Election speculation rife as upbeat Liberals hold retreat for caucus
A revitalized Liberal caucus will have a better sense of how soon they are going to force the Harper government to face the electorate after MPs and senators end their three-day retreat in Kitchener.
Bouncing back from a year of demoralization and dissension under new leader Stéphane Dion, Liberals are increasingly upbeat, convinced that a growing list of political controversies and a slipping economy are making Prime Minister Stephen Harper vulnerable in an election.
“More and more Canadians are starting to feel that they’ve had enough of the Conservative government,” said national caucus chair Anthony Rota.
Dion is keeping his options open, saying it’s important to see what’s in the federal budget, expected in about six weeks, before taking a decision on defeating the Conservative minority and precipitating a national vote.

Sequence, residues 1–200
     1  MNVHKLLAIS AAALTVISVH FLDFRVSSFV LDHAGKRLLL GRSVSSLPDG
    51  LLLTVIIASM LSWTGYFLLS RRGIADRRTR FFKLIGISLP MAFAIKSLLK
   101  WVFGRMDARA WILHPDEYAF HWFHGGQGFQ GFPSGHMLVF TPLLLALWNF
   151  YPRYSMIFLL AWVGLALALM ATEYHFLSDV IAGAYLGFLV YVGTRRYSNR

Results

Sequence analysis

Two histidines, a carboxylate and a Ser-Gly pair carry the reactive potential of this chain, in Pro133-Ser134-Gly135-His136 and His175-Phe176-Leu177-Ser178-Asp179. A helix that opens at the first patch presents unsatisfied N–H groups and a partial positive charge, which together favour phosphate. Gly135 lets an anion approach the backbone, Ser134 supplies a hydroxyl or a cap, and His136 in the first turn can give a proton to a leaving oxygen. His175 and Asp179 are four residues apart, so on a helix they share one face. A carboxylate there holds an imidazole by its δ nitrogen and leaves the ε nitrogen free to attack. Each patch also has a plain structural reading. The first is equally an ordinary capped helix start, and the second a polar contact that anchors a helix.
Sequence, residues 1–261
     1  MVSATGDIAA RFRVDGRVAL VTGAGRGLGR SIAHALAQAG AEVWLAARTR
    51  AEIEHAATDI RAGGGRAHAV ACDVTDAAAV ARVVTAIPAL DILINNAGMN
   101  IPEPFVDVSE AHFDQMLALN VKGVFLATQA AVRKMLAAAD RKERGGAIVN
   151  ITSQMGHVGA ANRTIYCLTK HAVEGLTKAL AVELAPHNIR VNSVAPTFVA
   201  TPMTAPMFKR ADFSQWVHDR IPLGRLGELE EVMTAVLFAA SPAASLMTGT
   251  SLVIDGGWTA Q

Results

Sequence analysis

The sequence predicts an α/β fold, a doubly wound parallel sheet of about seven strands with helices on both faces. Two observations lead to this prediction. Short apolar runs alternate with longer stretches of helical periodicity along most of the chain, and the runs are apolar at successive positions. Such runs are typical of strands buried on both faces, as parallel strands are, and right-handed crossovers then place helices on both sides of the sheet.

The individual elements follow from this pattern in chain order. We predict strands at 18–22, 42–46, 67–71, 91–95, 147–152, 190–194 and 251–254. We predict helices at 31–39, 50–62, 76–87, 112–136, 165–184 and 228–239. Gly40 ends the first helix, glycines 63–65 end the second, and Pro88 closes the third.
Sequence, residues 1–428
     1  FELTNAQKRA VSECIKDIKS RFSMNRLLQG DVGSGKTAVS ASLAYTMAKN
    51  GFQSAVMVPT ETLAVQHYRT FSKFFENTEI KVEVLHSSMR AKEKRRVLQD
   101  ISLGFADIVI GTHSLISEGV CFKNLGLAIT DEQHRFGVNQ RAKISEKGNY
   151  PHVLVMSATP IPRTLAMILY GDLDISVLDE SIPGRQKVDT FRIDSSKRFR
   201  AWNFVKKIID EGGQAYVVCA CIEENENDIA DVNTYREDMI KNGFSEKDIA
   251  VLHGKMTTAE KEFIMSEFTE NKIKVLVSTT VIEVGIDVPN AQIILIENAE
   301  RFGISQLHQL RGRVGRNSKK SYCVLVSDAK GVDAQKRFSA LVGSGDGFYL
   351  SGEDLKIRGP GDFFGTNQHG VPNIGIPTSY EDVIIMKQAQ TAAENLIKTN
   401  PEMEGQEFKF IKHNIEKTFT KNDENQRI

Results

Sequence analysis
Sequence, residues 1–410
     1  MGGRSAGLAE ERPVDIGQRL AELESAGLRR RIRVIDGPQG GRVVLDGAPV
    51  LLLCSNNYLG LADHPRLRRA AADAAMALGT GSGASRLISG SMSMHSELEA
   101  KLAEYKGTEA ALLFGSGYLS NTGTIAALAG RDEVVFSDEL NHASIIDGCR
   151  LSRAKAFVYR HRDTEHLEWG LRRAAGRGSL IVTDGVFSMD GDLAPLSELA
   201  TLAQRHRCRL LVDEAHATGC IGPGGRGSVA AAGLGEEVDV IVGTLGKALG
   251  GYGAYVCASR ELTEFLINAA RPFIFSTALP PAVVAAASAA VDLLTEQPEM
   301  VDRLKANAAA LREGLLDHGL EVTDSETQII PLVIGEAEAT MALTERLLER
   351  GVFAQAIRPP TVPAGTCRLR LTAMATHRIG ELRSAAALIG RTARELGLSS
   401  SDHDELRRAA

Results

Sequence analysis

But many Liberals are impatient about continuing to support Tory policies in the House of Commons to avoid an election.
“I just don’t see how we can continue to prop the government up,” says MP John MacKay. “I think there is a sentiment to go” among his caucus colleagues, he added.
While admitting there’s no way of telling how the Liberals would do in a campaign pitting Harper — a proven campaigner — against the untried Dion, the party can’t put off that risk forever, MacKay says: “Whatever happens, happens.”
Election speculation is certain to be the dominant topic as the Liberals, who have 157 MPs and senators in their caucus, meet prior to the reopening of Parliament after its holiday break on Jan. 28.
Liberals say they have been heartened by a string of recent developments that have people wondering if the Conservatives have lost their once sure-footed management abilities. Among them are the handling of the Mulroney-Schreiber uproar, the government’s late-night dismissal of Canada’s chief nuclear safety watchdog, the federal Tories’ insistence on calling Ontario Premier Dalton McGuinty as “the small man of Confederation,” continuing friction over the Afghanistan mission, and Canada’s reputation as an international laggard on climate change.